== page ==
Group:SMART:Tangible Models of Cdc42 Interacting With Intersectin

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A Lincoln HS SMART Team Telling a Molecular Story

Abraham Lincoln High School, San Francisco, California

Students -- Cyndi He, Glen Huynh, Aissa Isana, Bradley Jann, Bradford Li, Yaqiao Li, Calvin Ng, Tiffany Saw, Elizaveta Sergeeva, Jacqueline Tam, Allison Trinh, Michelle Xie, Ellen Zhang
Teacher -- Julie Reis


UCSF Science and Health Education Partnership -- Sabine Jeske
UCSF/UCB Joint Graduate Group in Bioengineering -- Angela Chau
Institute for Neurodegenerative Diseases, UCSF -- Kurt Giles
Center for BioMolecular Modeling, Milwaukee School of Engineering -- Shannondoah Colton

Abstract for Our Project


Information transfer within the cell relies upon signaling pathways made up of interacting proteins. Rho-family GTPases are GTP-binding proteins, which function as molecular switches initially in the "off" state. Interactions with activators turn these GTPases "on" and they then interact with other proteins, leading to a variety of cellular behaviors such as directed movement and changes in cell shape.
Traditional methods for visualizing protein structures and interactions are often limited in the amount of information that can be conveyed in two dimensions. Using the rapid prototyping technology at the Milwaukee School of Engineering's Center for BioMolecular Modeling, we have built tangible 3D models of the Rho GTPase Cdc42 in complex with one of its activators. Our model shows the interaction of Cdc42 with the catalytic domains of intersectin, based upon the published crystal structure solved by Snyder, et al (PDB 1KI1, Nature Structural Biology 2002; 9(6): 468- 475). Along with computer visualization tools, tangible 3D models allow students and scientists alike to more fully explore the intricacies of protein interactions.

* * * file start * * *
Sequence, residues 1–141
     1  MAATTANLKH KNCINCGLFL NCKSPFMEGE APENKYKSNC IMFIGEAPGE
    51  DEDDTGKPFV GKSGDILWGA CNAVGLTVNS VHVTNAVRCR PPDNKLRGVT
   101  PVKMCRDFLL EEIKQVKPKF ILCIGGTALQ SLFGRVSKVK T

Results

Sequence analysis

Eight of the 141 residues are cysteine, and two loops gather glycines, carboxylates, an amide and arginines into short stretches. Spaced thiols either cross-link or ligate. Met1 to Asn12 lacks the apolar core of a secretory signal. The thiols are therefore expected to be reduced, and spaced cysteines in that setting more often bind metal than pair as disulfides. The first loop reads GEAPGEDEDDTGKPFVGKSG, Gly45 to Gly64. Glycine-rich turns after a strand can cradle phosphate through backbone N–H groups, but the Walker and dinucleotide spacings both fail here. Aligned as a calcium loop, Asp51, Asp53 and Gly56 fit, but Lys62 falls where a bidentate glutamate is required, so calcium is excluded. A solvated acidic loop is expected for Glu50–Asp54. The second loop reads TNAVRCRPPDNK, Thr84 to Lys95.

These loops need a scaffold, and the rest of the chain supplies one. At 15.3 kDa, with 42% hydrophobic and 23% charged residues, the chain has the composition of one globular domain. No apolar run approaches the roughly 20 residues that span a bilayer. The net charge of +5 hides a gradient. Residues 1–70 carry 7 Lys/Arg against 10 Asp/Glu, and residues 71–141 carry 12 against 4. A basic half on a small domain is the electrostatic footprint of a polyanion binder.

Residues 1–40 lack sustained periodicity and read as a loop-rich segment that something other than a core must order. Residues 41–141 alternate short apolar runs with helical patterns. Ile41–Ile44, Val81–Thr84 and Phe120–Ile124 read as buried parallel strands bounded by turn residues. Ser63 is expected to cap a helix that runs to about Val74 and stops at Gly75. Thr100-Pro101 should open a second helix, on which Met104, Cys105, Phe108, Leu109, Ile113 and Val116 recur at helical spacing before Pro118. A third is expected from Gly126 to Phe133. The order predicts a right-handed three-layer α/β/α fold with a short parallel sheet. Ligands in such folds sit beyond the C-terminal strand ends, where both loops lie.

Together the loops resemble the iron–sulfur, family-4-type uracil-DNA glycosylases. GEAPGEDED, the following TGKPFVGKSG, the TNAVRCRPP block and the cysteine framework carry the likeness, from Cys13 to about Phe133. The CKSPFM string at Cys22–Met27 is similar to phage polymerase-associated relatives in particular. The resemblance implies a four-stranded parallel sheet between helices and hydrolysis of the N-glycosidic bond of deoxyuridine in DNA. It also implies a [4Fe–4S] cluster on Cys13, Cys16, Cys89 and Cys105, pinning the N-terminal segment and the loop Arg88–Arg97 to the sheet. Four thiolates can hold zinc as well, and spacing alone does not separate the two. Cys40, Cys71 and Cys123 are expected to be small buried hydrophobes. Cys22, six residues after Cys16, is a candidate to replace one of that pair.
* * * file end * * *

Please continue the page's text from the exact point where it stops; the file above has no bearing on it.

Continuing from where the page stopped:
Cell Signaling and Cell Movement

Cell signaling is how cells transmit information from the outside environment to inside the cell as well as how cells propagate messages within the cell. Transmembrane receptors at the cell surface detect environmental changes and pass the information on to intracellular signaling proteins. Proteins that make up signaling pathways pass along messages by interacting with each other.
Cell movement is integral for survival in both bacterial and eukaryotic cells. In eukaryotes, cells move by changing their cytoskeletons to form actin structures like filopodia. These structures are formed in response to signals from outside of cells which are relayed throughout the cell using signaling pathways.

Why build a model?

A 3-dimensional model generated by the polymer printing technology at the Center for BioMolecular Modeling greatly enhances our ability to visualize and explore Cdc42 and its interaction with Intersectin. The complex structures and shapes of these molecules can be appreciated more fully through seeing and touching a physical model. A tangible model can not only aid us in summarizing what we know but can also inspire us and other scientists to ask new questions and come up with new hypotheses about these molecules.

Cdc42: The GTPase